No. The Democratic-controlled House is expected to reject any challenge to states’ results. Moreover, many Republicans in the GOP-controlled Senate have expressed skepticism of the challenges, and party leaders have acknowledged Mr. Biden as the president-elect. Sen. John Thune (R., S.D.), the No. 2 Senate Republican, has said that any effort to overturn the presidential election result is “going down like a shot dog.”

Have lawmakers challenged election results in the past?

Yes. In 2001, some House Democrats objected to the results from Florida, which was at the center of the contested 2000 presidential race. Then-Vice President Al Gore had to preside over the joint session and rule against House Democrats who were trying to void an Electoral College result that cost him the presidency.

In 2005, Sen. Barbara Boxer (D., Calif.) joined House Democrats in a challenge about the 2004 presidential-election result from Ohio, but the resulting votes failed with minimal support in either chamber. In 2017, Democrats objected 11 different times when the tellers verified the votes from each of the states. Then-Vice President Biden quickly shut them down when no senators signed their objections.

But 2021 is a different situation politically, said Mr. Koger. Unlike in past years, “you have a president who hasn’t conceded, and a party where loyalty to that one figure seems to be a defining characteristic,” he said.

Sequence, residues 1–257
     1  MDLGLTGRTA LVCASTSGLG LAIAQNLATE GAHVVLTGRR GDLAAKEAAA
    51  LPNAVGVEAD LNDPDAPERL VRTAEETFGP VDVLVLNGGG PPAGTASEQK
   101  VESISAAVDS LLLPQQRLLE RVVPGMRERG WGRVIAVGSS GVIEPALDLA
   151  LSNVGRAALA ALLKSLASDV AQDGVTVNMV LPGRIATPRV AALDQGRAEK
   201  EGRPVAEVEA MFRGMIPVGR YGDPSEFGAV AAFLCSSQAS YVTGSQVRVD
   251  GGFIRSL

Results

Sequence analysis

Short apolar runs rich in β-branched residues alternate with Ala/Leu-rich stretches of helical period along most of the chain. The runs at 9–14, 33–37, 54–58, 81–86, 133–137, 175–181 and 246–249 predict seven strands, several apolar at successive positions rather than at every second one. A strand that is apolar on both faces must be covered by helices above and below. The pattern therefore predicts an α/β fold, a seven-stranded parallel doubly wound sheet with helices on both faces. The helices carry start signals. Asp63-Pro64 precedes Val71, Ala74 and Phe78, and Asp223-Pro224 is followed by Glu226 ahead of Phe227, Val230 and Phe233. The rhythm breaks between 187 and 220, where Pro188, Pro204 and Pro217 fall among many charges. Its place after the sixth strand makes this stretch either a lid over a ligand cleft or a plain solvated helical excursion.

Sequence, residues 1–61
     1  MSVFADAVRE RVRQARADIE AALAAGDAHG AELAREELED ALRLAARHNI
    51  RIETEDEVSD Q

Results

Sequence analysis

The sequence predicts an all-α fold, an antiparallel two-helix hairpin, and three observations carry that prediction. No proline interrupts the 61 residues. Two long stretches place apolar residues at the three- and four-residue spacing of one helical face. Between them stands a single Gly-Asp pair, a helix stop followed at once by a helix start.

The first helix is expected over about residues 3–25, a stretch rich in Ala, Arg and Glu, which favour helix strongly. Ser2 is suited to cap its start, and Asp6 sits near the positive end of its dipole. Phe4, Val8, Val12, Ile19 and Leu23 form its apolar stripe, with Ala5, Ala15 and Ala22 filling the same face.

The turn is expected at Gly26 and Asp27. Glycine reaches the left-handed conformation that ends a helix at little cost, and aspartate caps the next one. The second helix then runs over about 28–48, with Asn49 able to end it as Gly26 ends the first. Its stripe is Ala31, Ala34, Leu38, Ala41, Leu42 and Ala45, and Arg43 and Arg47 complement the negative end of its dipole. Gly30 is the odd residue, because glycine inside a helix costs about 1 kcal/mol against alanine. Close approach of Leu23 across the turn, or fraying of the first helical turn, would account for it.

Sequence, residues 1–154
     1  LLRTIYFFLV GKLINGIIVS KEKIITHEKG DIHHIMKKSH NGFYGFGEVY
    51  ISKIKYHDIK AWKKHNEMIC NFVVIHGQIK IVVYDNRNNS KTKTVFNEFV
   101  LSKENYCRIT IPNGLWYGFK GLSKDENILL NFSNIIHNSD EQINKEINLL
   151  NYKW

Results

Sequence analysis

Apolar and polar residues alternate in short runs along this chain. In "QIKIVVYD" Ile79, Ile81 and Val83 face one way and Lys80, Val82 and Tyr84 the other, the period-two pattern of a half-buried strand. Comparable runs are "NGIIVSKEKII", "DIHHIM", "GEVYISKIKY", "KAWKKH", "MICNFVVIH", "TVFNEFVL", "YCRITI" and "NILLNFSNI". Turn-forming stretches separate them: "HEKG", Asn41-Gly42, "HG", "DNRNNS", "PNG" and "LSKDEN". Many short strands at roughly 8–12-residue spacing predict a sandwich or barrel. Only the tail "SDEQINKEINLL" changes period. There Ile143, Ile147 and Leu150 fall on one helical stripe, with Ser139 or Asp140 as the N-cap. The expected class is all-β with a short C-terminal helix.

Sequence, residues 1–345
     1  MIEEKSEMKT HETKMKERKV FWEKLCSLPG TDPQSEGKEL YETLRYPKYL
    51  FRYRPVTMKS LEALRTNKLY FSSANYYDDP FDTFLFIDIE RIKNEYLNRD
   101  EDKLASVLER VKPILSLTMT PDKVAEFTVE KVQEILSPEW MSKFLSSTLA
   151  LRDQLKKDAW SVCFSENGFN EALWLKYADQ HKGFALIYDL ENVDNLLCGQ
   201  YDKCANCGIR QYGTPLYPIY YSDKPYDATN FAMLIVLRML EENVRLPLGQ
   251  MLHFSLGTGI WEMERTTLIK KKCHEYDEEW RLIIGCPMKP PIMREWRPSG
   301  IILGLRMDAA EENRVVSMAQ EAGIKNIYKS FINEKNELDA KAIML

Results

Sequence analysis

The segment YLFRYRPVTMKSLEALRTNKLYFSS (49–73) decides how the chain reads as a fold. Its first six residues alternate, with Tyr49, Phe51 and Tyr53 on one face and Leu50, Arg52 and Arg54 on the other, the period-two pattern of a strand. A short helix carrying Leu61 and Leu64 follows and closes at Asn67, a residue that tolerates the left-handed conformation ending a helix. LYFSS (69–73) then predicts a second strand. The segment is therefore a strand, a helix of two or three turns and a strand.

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Why does Congress play a role in validating the election results?

The Constitution says that the “President of the Senate shall, in the presence of the Senate and House of Representatives, open all the certificates and the votes shall then be counted.”

The current process was established through the Electoral Count Act of 1887, in an effort to minimize potential involvement by Congress in changing states’ reported results. It followed the controversial 1876 presidential election, in which results from Louisiana, Florida, South Carolina and Oregon were in dispute, leaving the race between Democrat Samuel Tilden and Republican Rutherford B. Hayes up in the air. The dispute ended in favor of President Hayes.

What is Vice President Pence’s role?

As the president of the Senate, Mr. Pence acts as the presiding officer. He opens up the envelopes containing the votes in front of the House and the Senate. He is also the person who must enforce the provisions of the resolution under which Congress conducts the joint meeting.

If Mr. Pence faces objections to any state’s votes, it likely will be his job to stop debate if an objection draws only support from one chamber of Congress—falling short of the requirement that at least one House lawmaker and one senator sign on. As president of the Senate, Mr. Pence in theory also could break any ties should the Senate need to vote. There is no precedent that limits the ability of the vice president to break a tie, according to Ms. Binder.